UO earns gold sustainability rating from international group

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The Association for the Advancement of Sustainability in High Education has given the UO a Gold STARS rating, putting it in the top 11 percent of participating institutions; out of the 812 participants across six continents, only 94 were awarded Gold status.

STARS, which stands for Sustainability Tracking, Assessment and Rating System is the most widely recognized framework for publicly reporting comprehensive information related to a college or university’s sustainability performance. It looks at four main areas: academics, engagement, operations, and planning and administration.

Academics looks at how much of the curriculum and faculty research is focusing on sustainability. Engagement covers student and public engagement in sustainable practices. The operations category focuses on energy and water use and management, recycling rates, commute offerings and landscape management practices, and planning and administration covers purchasing practices, investments, affordability and benefits.

The UO conducts its STARS report biannually, and the previous report received a Silver rating. This year represents a major step forward in the university’s measurement of sustainable practices, with the biggest improvement seen in the academic category.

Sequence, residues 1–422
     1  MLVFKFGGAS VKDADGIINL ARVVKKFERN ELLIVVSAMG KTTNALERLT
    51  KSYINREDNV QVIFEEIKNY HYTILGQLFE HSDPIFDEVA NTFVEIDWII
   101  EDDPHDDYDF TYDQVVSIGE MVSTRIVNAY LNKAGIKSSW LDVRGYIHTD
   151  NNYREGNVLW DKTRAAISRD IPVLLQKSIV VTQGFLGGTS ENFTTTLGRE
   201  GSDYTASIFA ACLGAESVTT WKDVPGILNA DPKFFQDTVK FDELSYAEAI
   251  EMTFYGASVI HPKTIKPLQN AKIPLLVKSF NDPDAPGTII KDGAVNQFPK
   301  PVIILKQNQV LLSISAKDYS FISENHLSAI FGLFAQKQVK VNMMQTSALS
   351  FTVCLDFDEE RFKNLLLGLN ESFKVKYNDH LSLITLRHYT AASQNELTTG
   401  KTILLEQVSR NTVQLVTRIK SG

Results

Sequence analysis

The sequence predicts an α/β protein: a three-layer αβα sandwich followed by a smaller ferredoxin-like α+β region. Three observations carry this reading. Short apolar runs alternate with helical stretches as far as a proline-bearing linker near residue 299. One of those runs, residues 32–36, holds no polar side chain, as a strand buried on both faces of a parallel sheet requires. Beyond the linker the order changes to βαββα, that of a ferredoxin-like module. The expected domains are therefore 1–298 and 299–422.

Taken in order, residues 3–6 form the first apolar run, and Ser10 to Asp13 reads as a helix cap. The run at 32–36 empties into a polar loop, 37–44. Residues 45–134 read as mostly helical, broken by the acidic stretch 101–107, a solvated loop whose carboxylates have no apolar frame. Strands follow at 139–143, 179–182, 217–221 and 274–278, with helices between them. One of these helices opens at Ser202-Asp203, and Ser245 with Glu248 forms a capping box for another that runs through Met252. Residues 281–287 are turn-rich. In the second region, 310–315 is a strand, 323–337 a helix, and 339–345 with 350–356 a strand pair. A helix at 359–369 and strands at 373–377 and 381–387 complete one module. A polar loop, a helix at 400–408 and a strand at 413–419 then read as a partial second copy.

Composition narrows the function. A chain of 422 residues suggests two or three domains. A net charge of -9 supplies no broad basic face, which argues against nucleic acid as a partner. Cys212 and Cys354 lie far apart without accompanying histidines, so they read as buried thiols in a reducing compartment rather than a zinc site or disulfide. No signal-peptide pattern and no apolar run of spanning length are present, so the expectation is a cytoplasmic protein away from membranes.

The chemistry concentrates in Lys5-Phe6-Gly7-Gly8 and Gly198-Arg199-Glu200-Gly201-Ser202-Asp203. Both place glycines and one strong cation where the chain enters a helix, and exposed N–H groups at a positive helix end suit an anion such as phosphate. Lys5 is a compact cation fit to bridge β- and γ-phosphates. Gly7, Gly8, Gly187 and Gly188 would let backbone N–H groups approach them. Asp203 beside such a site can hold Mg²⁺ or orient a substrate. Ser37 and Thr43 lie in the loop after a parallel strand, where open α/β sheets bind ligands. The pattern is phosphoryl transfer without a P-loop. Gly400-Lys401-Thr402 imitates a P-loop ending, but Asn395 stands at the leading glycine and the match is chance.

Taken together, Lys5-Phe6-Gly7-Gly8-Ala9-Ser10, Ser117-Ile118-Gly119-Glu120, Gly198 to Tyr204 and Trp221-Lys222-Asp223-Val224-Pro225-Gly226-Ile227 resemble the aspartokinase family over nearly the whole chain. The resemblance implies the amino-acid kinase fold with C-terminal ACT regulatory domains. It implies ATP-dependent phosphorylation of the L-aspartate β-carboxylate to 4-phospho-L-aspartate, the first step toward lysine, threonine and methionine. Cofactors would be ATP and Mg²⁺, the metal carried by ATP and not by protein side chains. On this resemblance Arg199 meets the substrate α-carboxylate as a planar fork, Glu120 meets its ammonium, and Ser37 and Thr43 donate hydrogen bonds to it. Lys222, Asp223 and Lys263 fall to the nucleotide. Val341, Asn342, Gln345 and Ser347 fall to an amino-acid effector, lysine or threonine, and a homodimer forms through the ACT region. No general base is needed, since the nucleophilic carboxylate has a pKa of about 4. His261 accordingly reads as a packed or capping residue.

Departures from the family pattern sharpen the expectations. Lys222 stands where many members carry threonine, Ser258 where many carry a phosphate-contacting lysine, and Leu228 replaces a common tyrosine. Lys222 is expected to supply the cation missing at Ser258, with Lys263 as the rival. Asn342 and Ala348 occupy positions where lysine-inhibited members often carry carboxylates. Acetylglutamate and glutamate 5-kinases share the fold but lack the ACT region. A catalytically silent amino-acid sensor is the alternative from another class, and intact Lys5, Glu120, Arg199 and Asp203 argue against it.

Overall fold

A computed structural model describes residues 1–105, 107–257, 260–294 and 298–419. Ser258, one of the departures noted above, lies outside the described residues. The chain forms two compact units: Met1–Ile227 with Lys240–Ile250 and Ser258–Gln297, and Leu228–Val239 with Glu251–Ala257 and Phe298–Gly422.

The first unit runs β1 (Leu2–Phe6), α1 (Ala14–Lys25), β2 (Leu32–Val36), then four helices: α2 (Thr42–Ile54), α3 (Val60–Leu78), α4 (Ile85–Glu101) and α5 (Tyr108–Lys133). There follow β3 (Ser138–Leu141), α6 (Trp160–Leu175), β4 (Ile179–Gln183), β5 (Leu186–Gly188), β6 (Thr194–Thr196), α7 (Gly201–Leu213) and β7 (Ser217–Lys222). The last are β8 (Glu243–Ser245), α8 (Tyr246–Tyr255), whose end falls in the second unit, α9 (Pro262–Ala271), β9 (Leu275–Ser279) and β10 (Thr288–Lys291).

“To some extent those gains reflect an increased ability to track what it is we do as an institution,” said Steve Mital, the director of the UO’s Sustainability Office. “Just simply getting a handle on it and establishing relationships with different folks around campus to collect information let us report more accurately.”

There are approximately 800 questions in the STARS report, and the Sustainability Office worked with dozens of people across campus to complete it.

Several specific programs made significant contributions to this jump: the UO’s architecture program is ranked first in the nation for sustainable design education and the sustainable business MBA program is the No. 1 green MBA nationally.

But the UO saw improvement across all categories, not just academics. The Sustainability Faculty Fellowship is a partnership with The Duck Store to create community-engaged learning opportunities around issues of sustainability; the SolarizeU program offered faculty, staff and community members bulk discount on home solar panels; and the university is updating its Climate Action Plan, ensuring sustainable practices at the UO will continue to improve into the future.

“This report validates Oregon’s reputation as a sustainability leader,” Mital said. “Thank you to the hundreds of people whose daily work earned the UO a gold rating.”

By Noah Ripley, University Communications